Production costs drive spike in ag lending
The volume of non-real-estate agricultural loans, including those to livestock operations, increased significantly during the second and third quarters of 2012 according to a report from the Federal Reserve Bank of Kansas City. The volume of non-real estate farm loans jumped more than 5.0 percent during the second quarter compared to last year, while average interest rates on most types of agricultural loans were lower, as were delinquency rates.
During the second quarter, farm operating loans rose at their fastest pace in five years according to the report. That trend continued into the third quarter, as data from the first full week of August show the volume of short-term operating loans up 36 percent compared to the same time last year, reaching a new survey high.
Short-term lending for feeder livestock reached a two-year high and exceeded 2011 levels by 60 percent during the third quarter, largely due to drought conditions pushing calves and feeder cattle onto the market earlier than usual.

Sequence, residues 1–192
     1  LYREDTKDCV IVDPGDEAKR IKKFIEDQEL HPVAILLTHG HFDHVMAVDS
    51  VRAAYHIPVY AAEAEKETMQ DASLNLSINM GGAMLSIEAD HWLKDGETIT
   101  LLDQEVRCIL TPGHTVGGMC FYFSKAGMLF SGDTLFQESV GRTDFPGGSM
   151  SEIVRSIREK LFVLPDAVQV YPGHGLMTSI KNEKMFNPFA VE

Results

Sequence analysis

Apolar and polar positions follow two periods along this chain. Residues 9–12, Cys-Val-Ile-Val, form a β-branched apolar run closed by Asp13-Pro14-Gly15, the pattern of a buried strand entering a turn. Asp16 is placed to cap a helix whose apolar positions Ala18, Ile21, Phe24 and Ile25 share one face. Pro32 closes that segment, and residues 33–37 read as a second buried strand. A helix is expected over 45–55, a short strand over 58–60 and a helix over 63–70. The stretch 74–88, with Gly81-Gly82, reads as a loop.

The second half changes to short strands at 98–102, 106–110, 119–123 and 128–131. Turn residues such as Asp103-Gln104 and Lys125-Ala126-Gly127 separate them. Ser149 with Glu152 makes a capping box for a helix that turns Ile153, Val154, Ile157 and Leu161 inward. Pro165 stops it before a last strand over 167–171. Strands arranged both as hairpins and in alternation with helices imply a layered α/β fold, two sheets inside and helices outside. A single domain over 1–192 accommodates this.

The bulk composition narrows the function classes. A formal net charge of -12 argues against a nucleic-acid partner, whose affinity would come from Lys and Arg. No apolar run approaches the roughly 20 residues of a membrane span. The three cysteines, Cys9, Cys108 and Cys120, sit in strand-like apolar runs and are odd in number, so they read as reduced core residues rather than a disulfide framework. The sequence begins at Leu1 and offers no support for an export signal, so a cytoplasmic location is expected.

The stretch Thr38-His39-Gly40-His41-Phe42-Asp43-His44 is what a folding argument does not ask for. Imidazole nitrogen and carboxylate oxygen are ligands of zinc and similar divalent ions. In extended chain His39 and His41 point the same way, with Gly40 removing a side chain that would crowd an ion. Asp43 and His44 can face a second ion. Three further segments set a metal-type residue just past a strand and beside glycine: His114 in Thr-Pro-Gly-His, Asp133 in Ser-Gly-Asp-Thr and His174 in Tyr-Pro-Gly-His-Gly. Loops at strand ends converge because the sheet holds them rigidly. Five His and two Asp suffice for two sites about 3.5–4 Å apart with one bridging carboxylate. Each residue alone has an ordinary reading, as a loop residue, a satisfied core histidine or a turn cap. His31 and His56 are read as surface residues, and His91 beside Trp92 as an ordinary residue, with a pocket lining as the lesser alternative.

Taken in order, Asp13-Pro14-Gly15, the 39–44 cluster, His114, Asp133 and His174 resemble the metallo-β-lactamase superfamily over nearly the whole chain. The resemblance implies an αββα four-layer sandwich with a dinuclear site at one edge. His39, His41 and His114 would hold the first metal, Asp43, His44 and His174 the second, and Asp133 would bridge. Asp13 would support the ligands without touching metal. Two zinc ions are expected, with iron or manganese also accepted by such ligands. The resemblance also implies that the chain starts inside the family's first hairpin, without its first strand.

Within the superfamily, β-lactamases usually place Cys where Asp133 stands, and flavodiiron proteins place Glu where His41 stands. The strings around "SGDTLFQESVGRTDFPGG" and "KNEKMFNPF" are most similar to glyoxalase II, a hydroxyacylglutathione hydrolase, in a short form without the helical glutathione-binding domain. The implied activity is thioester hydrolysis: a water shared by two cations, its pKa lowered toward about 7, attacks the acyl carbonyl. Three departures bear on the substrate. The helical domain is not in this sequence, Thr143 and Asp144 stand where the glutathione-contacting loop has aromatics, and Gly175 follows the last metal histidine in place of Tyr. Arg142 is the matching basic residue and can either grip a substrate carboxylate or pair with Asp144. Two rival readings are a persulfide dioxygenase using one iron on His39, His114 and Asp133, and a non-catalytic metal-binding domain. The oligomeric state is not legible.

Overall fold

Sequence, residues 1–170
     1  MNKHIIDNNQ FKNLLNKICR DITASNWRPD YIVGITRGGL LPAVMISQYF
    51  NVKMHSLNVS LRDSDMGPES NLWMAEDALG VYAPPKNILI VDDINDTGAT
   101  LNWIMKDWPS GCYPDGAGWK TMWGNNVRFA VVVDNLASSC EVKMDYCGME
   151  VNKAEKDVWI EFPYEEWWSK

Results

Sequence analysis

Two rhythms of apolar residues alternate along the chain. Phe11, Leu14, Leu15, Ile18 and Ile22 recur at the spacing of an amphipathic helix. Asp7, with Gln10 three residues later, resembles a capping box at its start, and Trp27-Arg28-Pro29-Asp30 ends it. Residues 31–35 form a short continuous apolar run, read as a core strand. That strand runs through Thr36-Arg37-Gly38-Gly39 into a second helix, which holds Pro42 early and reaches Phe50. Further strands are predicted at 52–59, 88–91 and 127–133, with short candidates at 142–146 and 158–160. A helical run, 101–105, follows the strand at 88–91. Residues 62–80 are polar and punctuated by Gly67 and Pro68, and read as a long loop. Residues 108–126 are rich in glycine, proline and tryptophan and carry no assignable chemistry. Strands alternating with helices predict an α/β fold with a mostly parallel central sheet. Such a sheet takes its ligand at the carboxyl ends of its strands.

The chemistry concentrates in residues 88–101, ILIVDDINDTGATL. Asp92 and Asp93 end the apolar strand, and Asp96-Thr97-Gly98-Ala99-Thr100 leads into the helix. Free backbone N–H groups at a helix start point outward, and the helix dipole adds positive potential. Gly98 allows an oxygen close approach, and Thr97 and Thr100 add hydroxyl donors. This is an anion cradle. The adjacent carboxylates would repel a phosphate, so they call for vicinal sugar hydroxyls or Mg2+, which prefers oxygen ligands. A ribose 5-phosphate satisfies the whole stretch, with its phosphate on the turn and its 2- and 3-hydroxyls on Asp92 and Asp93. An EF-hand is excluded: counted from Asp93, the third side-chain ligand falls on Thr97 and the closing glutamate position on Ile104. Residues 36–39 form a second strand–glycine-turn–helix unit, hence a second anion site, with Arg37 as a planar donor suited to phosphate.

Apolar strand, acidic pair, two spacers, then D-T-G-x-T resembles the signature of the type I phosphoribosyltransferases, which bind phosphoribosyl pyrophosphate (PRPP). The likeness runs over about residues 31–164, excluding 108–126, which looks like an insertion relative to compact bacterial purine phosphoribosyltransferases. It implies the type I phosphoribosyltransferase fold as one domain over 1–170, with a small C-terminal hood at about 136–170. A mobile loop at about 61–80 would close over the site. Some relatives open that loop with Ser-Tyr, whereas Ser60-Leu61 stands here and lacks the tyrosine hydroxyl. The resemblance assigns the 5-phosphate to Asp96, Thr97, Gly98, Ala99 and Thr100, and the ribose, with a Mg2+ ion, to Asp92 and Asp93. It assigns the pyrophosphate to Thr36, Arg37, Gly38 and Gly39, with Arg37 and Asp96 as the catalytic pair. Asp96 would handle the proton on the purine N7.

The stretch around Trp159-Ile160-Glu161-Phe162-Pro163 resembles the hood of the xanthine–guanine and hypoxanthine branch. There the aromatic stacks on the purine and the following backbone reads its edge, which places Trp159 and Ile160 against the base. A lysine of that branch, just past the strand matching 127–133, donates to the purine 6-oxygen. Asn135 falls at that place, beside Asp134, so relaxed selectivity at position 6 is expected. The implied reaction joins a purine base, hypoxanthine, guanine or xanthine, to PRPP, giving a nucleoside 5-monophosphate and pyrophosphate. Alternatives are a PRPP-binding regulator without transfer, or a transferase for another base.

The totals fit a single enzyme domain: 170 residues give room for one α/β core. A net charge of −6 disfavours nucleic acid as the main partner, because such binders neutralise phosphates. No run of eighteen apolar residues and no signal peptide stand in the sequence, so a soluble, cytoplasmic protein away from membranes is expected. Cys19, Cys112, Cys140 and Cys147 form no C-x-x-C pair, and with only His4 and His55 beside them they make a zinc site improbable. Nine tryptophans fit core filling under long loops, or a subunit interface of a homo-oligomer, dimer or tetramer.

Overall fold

Lending activity helped drive stronger profits and at agricultural banks, as return on assets rose to a four-year high. Nationally, agricultural banks continued to outperform their peers in the second quarter, with an average rate of return on assets of 0.6 percent at the end of the second quarter, compared with 0.4 percent return at other small banks. The average rate of return on equity at agricultural banks was 5.3 percent in the second quarter compared to 3.6 percent at other small banks.
After adjusting for seasonal trends, delinquency rates on non-real estate farm loans fell to 1.5 percent during the second quarter, their lowest level in four years according to the report. Farm real estate loan performance also improved during the second quarter as delinquency rates declined.
Farmland values continued upward across the nation’s mid-section, with non-irrigated cropland in Nebraska and South Dakota more than 30 percent above year-ago levels. In the eastern Corn Belt, farmland values rose between 10 and 15 percent, while continuing drought in Texas kept farmland values relatively flat.
Although the drought reduced crop yields, record high crop prices and widespread crop insurance coverage supported farm incomes and loan demand, according to the authors. Profits in the livestock sector, however, suffered due to high feed costs and lower feeder-cattle prices as producers were forced to liquidate herds.
Read the full report from the Federal Reserve Bank of Kansas City
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